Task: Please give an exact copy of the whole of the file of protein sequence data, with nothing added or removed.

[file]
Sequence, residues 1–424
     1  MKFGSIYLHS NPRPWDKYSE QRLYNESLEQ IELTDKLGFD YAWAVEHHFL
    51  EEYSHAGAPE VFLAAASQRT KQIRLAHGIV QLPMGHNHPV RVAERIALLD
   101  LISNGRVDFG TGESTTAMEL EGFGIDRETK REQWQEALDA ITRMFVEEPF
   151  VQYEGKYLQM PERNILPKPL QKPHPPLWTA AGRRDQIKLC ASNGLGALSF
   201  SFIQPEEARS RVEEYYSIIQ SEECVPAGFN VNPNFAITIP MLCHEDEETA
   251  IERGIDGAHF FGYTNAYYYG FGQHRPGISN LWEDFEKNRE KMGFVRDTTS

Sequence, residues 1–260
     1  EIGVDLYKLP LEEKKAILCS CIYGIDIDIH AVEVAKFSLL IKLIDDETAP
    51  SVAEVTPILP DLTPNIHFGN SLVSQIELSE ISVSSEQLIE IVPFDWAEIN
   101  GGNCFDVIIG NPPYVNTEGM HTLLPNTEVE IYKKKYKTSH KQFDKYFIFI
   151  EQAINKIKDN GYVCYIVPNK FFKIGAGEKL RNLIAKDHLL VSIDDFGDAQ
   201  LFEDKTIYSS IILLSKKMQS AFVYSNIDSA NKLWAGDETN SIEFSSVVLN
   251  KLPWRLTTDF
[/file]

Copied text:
Sequence, residues 1–424
     1  MKFGSIYLHS NPRPWDKYSE QRLYNESLEQ IELTDKLGFD YAWAVEHHFL
    51  EEYSHAGAPE VFLAAASQRT KQIRLAHGIV QLPMGHNHPV RVAERIALLD
   101  LISNGRVDFG TGESTTAMEL EGFGIDRETK REQWQEALDA ITRMFVEEPF
   151  VQYEGKYLQM PERNILPKPL QKPHPPLWTA AGRRDQIKLC ASNGLGALSF
   201  SFIQPEEARS RVEEYYSIIQ SEECVPAGFN VNPNFAITIP MLCHEDEETA
   251  IERGIDGAHF FGYTNAYYYG FGQHRPGISN LWEDFEKNRE KMGFVRDTTS

Sequence, residues 1–260
     1  EIGVDLYKLP LEEKKAILCS CIYGIDIDIH AVEVAKFSLL IKLIDDETAP
    51  SVAEVTPILP DLTPNIHFGN SLVSQIELSE ISVSSEQLIE IVPFDWAEIN
   101  GGNCFDVIIG NPPYVNTEGM HTLLPNTEVE IYKKKYKTSH KQFDKYFIFI
   151  EQAINKIKDN GYVCYIVPNK FFKIGAGEKL RNLIAKDHLL VSIDDFGDAQ
   201  LFEDKTIYSS IILLSKKMQS AFVYSNIDSA NKLWAGDETN SIEFSSVVLN
   251  KLPWRLTTDF